Colony Theatre Co. Outgrows Its Venue, Begins Hunt for New Home : Arts: The troupe will stay put this season but is looking for a house with at least 250 seats.


After 17 years of performing on Riverside Drive, the Colony Theatre Co. has begun a search for a larger space.

The company rents the 99-seat Colony Theatre Playhouse, which has been outgrown by a growing audience that now numbers about 11,500 per season, said Barbara Beckley, the Colony’s producing director.

“We’re just . . . bursting at the seams, so we really have to expand,” Beckley said.

During a hit performance of “Candide” last summer, the repertory company had to turn away 30 or 40 people a day, Beckley said. With 2,833 subscribers, the company fills 96% of its hall on average, she added.


The Colony recently hired a development director to conduct its search. The company will continue to perform at 1944 Riverside Drive at least though the 1992-93 season, which ends in September, Beckley said.

As an alternative, the company is also discussing with its landlords the possibility of expanding at the Riverside Drive location. But to remain, it would need to occupy the entire building, formerly a silent-movie theater, which it shares with an advertising agency and a printing firm.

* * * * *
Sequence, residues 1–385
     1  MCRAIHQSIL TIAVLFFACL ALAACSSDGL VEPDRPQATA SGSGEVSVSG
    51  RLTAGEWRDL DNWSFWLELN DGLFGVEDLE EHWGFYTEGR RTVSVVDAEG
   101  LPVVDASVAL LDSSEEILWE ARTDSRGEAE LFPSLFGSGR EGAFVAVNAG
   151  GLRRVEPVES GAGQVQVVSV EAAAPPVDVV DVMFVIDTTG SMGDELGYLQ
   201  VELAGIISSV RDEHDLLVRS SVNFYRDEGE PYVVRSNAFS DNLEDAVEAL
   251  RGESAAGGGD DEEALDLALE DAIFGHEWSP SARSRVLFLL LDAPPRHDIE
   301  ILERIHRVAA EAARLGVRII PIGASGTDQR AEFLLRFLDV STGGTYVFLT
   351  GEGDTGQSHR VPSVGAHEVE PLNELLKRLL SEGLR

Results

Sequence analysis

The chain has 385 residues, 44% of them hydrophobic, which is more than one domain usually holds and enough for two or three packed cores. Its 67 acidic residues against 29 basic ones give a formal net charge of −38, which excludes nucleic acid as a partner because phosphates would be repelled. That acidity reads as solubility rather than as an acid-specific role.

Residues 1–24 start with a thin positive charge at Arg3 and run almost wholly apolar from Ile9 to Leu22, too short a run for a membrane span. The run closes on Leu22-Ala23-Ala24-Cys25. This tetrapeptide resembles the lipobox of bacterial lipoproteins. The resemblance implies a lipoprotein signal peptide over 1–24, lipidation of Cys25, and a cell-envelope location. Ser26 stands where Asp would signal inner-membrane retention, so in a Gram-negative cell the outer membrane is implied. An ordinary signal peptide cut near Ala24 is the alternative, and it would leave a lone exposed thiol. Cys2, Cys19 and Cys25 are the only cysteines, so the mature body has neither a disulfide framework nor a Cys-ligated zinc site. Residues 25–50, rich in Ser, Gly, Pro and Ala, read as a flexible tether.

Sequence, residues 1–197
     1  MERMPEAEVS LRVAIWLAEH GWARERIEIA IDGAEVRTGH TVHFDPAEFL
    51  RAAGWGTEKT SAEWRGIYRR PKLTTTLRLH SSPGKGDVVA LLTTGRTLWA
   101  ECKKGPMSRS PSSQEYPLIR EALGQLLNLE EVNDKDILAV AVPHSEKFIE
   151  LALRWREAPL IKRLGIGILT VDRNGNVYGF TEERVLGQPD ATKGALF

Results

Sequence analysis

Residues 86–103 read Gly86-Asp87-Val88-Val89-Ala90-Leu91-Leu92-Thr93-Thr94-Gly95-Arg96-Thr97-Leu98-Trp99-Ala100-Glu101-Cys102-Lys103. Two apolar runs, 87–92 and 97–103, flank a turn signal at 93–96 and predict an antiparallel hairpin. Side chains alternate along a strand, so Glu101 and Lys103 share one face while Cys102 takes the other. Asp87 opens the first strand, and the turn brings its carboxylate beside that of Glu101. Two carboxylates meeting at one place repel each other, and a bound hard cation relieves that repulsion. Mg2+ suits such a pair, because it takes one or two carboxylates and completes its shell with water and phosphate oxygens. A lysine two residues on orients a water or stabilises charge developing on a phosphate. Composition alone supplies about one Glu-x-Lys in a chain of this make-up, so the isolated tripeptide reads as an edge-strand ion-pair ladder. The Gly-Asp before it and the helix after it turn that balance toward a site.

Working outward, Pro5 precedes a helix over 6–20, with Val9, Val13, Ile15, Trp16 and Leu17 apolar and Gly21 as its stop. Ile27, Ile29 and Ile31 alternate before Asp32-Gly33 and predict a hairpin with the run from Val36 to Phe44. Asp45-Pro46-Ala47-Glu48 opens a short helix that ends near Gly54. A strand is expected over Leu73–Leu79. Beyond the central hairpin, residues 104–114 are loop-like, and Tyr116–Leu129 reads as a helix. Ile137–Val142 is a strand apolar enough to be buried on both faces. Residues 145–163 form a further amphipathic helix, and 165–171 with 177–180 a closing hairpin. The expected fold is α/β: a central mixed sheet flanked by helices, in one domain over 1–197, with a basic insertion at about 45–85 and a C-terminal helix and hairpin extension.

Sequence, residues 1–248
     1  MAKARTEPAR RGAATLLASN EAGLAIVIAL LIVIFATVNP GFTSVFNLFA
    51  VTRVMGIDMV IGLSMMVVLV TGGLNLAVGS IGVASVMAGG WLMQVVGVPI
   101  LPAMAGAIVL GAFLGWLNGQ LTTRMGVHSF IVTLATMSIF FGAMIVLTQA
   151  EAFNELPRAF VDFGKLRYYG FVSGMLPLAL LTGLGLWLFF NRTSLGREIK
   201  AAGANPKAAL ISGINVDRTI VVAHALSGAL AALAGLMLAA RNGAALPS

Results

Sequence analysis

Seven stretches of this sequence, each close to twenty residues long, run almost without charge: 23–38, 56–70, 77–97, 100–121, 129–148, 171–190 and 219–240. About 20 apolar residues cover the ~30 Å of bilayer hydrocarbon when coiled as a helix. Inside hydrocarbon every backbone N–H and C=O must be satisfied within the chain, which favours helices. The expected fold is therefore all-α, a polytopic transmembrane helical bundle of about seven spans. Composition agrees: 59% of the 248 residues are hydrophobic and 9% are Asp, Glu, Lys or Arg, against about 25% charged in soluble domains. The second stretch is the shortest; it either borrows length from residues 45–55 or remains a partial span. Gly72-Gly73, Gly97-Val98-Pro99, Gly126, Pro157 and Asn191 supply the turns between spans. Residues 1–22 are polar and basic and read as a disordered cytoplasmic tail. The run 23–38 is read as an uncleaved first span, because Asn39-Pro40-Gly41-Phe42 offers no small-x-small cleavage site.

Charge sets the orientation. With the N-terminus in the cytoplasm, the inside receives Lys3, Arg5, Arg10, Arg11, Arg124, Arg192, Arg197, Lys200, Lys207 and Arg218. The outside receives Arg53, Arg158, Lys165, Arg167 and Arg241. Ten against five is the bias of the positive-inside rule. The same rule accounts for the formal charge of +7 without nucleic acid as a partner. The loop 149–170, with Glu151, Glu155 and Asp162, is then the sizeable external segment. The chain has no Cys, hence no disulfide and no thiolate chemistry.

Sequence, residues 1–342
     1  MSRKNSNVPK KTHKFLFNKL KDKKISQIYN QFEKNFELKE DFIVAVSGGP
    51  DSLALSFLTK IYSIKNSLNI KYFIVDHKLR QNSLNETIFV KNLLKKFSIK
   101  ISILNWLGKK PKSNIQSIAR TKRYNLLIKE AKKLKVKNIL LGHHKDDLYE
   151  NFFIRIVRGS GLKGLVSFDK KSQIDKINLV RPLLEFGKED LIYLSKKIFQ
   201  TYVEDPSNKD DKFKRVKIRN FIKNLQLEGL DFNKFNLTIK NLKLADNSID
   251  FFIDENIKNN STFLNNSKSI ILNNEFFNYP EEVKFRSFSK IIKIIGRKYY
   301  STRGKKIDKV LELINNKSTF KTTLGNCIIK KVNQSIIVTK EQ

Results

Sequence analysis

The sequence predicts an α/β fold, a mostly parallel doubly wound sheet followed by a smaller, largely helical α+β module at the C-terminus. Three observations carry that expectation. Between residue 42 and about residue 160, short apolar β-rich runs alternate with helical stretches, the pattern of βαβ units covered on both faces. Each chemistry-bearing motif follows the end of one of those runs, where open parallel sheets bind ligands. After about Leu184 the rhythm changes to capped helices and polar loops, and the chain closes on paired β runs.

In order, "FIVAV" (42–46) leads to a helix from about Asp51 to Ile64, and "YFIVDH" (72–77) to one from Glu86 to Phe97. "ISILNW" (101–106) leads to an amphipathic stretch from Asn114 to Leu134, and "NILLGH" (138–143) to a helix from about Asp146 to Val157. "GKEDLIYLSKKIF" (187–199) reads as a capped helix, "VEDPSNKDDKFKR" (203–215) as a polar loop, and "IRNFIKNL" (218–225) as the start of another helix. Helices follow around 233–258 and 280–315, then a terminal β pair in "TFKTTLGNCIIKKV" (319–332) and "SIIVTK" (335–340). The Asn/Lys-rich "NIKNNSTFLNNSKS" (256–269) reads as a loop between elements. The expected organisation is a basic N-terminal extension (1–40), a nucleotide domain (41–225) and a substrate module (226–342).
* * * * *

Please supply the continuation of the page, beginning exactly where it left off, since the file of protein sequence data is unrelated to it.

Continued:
Beckley said the company would like to buy or rent a theater with at least 250 seats. Because not many such spaces exist, the Colony is considering converting a movie house or another building into a theater.

Beckley mentioned Burbank, Glendale and Pasadena as possible new locations for the company. She said the Colony would stay within a 10-mile radius of its current home for the convenience of current subscribers.


Neighborhood fans of the acting troupe seem willing to follow it to a new location.

“I would probably drive anywhere” to see a play performed by the Colony, said Sandy Schuckett, a longtime subscriber who lives in Los Feliz. But she said that she hopes the company remains “in the neighborhood.”

One theatergoer said that the company’s current location has drawbacks that may be solved by a move to a more vibrant commercial area.

“There have been times when we have wanted to go out to dinner before the theater. There’s not very much nearby there,” said Lucy Cole, who lives in Eagle Rock.


Many of the Colony’s founding members were television actors seeking to get back to their theater roots. The company’s first big hit was a stage version of Ray Bradbury’s “The Martian Chronicles,” which ran in 1977. Bradbury collaborated with the Colony on that production, as well as on a later staging of his “Dandelion Wine.”

The Colony’s box office success bucks a trend in the theater industry, which has been hit hard by the recession, Beckley said.

She said she is nervous about the prospect of the theatrical company starting at a new place during hard economic times. But she added that not finding a larger place would be a big mistake.

“Inevitably over time, we would decline, simply because nothing remains the same,” she said. “We’re just in a holding pattern right now, and you can’t stay in a holding pattern forever.”